It was the moment every officer wants and fears -- the moment of ultimate command. His unit had been taken prisoner and penned in a tiny compound, behind a moat and a 10-foot wall. The sneering captors had boasted that they would shoot two of the POWs in an hour. Then an air raid began -- a chance to escape.
The team had hidden a ladder, a pipe and a length of rope; they looked to their commander for a plan that would free them before it was too late.
Without speaking, he grabbed the ladder and tried to stretch it over the moat. It seemed to touch, then wobbled, shook, and fell in -- lost. Perhaps he could use the pipe -- but it, too, fell in. Only a few minutes of air cover remained; he made a lariat and tried to throw it over the wall, but it fell short. He stood silently before the grim red wall, his face working in grief and despair. He had failed.
AAAAAOOOOOOOOOAAAAAAHHHHHHH! A siren split the air, and one of the captors appeared with a clipboard. "Okay," he said. "As far as formulating a plan was concerned, you was lost in space. You did not solicit questions or suggestions . . ."
The illusion vanished; the compound was a stage set; the "siren" was the southbound Auto-Train, tearing across the scrub pine woods around Quantico, Va.; the captors were Marine sergeants. But for an instant, the peice of theater -- called the "reaction course" -- had jelled into pure panic and terror. Which is just what its designers intended.
The "commander" was a student at U.S. Marine Corps Officer Candidate School; he was being tested on that elusive weapon without which armies cannot fight -- leadership. And if the test scared him, or showed him fears and uncertainties inside himself, so much the better, say the Marines. At OCS, they deal in fear and stress.
This is the story of "Charley Company," the 113th class to pass through Marine OCS. The Marine Corps' answer to West Point is a pridefully decrepit huddle of buildings and Quonset huts on the banks of the Potomac. On Feb. 18 of this year, 226 officer candidates -- 204 men and 22 women -- reported there for a 10-week combination of boot camp and professional football training which pushed them to the ragged edge of their physical and emotional capabilities. On April 25, 117 marched out as "butterbars" -- Second Lieutenants of Marines.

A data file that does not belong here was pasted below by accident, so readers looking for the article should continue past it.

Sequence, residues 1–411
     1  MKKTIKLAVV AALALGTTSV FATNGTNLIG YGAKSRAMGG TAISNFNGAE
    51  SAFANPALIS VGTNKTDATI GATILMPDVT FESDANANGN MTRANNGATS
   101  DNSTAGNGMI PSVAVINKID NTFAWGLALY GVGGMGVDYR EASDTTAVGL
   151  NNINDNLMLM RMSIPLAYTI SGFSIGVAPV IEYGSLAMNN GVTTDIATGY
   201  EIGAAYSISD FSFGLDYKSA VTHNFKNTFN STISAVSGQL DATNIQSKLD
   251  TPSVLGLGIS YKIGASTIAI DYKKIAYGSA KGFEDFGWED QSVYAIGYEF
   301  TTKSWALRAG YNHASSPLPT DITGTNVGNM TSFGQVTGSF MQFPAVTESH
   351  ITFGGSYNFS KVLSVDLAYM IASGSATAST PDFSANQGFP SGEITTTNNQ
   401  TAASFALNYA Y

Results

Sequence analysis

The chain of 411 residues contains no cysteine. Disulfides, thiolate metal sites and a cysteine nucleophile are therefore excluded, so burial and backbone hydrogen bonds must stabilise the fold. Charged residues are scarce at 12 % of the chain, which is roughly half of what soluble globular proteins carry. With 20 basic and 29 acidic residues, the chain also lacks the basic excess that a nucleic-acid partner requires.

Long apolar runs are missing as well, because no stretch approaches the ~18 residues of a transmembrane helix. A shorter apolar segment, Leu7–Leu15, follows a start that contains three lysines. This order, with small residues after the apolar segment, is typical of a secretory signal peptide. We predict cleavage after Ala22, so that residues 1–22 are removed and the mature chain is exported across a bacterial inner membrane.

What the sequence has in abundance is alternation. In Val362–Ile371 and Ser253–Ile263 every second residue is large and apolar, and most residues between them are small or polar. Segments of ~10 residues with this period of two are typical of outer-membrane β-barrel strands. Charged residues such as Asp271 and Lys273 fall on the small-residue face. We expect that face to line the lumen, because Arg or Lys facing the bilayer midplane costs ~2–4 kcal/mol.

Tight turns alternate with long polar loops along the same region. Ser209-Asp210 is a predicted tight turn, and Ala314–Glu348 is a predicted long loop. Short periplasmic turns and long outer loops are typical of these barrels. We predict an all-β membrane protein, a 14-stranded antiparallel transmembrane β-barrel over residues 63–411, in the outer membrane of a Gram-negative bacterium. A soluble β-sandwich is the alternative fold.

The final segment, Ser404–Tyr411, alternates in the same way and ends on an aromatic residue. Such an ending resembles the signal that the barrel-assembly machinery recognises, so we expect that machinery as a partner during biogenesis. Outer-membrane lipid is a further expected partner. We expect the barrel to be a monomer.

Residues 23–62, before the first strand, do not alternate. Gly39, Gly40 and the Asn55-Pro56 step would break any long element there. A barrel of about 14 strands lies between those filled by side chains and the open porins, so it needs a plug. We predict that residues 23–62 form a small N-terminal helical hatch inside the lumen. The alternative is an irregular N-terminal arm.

Charley Company's median age was 25. About one-third were enlisted Marines or former members of another service. The rest were college graduates, most of them liberal-arts majors. They had come to Quantico from all over the country for many reasons; the most common was a hope that a tour in the Corps would look good on a resume in a tight civilian job market. About half had the added incentive of "aviation contracts" -- guaranteed slots in Marine flight school.
In theory, every member of Charley Company had gone through rigorous screening by Marine recruiters, passing an aptitude test and a physical fitness inventory for which they had to run three miles in 28 minutes, do 40 sit-ups in two minutes, and chin themselves at least four times (standards for women were slightly different). In theory, each of them had the ability to win the golden prize at the end -- the bars of a second lieutenant and the whopping base pay of $827.40 a month.
For most of Charley Company, Marine OCS was the first hard thing they had ever tried. Those who succeeded will remember it with pride for the rest of their lives; those who did not will bear scars for many years. "I thought he was laughing"
Feb. 18 was a bright cloudless winter day -- as if the Corps had ordered up a good beginning from logistics and supply. The new candidates stepped off buses and were sent into the dingy green squad bay of the barracks that would house them, where Navy medical corpsmen immediately took their blood pressure.
Those who passed the test were turned over to Marine sergeants; by nightfall there was probably not a normal blook pressure in the barracks.
Each candidate was assigned to a platoon. "Charley One" was the women's platoon; the rest were for men. The platoons were commanded by officers; but for the first three weeks of OCS, the officers were distant figures. The main fact of life in the open squad bays was the unceasing wrath of the platoon sergeants and "sergeant instructors."
A typical day at OCS began with a 5 a.m. reveille, continued through a 20-minute breakfast and a physical training (PT) session or "conditioning hike," included a few hours of classroom instruction and a couple of hours of close-order drill, and ended with "lights out" at 9 p.m. For the first three weeks, the sergeants were with their platoons every minute of the day.
Each platoon sergeant was a former boot camp Drill Instructor. In the Marine Corps of 1980, DIs are forbidden to "thump" the candidates, to curse at them, or even to demand 10 push-ups. But in the theater of fear that is military training, no headquarters directive can disarm the DIs most fearsome weapon: his voice.